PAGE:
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Re: Sentences About The Book.

PostPosted: Wed Mar 31, 2010 3:06 pm
by Zwangzug
In Spanish, there's a different form of "to be" used for permanent and temporary conditions; you'd use a different verb to say "the book is red" and "I am tired". Could we use the "to be upon" construction for temporary conditions, and a different construction for inherent traits?

Re: Sentences About The Book.

PostPosted: Wed Apr 28, 2010 12:14 pm
by Miatato
Zwangzug wrote:In Spanish, there's a different form of "to be" used for permanent and temporary conditions; you'd use a different verb to say "the book is red" and "I am tired". Could we use the "to be upon" construction for temporary conditions, and a different construction for inherent traits?

kadani wrote:I think there are adjectives where the metaphor might break. While it IMHO seems appropriate for anything living, it just feels bad to say that red is upon the book (nenvil zongas kuida). So we can maybe find a use for both constructions.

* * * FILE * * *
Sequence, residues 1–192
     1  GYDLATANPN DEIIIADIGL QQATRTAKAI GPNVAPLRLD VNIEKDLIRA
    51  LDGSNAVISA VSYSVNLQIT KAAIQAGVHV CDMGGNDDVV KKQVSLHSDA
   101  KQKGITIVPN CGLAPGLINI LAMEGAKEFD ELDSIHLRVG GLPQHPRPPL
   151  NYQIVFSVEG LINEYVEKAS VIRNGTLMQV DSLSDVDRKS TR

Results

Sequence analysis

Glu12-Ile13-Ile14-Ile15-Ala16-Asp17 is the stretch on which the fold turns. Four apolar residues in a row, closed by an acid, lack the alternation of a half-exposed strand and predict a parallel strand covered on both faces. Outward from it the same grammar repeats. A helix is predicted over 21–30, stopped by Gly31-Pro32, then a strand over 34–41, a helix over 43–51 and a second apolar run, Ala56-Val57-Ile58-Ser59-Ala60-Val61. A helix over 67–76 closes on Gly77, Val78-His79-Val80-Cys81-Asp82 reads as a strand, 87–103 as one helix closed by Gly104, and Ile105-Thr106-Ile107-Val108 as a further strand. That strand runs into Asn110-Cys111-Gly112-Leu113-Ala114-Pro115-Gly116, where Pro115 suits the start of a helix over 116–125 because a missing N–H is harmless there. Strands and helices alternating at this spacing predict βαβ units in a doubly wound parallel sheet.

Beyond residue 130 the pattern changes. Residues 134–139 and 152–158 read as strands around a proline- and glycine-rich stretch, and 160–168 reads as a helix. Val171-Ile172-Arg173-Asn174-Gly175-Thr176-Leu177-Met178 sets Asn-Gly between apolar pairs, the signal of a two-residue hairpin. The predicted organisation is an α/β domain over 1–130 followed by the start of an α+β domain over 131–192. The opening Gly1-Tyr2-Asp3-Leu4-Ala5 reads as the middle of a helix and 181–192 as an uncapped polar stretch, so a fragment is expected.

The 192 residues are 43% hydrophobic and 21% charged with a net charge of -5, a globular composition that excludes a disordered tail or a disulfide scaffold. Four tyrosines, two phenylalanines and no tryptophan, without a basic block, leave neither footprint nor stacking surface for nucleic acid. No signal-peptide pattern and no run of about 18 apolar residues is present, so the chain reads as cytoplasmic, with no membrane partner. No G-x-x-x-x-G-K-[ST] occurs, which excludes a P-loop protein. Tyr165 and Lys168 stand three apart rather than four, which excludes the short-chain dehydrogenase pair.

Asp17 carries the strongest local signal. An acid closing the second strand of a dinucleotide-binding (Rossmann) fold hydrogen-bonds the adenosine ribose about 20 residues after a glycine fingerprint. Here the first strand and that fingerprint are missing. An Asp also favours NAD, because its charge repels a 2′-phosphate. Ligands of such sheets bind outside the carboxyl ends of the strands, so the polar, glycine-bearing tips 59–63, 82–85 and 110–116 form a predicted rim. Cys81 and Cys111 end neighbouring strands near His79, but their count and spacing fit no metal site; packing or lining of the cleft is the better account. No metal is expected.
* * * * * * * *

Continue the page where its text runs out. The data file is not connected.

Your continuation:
I am the great thread necromancer! Fear me!

Maybe "to be upon" is for temporary physical or mental conditions. Perhaps more permanent states are expressed with verbs, along the lines of "the book reds" (or "is-red", as I'd normally render it for a literal gloss).

Re: Sentences About The Book.

PostPosted: Wed Apr 28, 2010 7:36 pm
by alexfink
Miatato wrote:Maybe "to be upon" is for temporary physical or mental conditions. Perhaps more permanent states are expressed with verbs, along the lines of "the book reds" (or "is-red", as I'd normally render it for a literal gloss).


Hm, so then three basic syntactic constructions for adjectives? These two for predicative function, and simple modification (head-first?) for attributive. Could work well. Would there be an attributive variant of the temporary-states construction?

And mildly offtopic, I'd like "to be upon" to be simple zong. Zongas was a repair of Larry's zongs with the -s that marked every finite verb -- but we don't seem to be doing that anymore...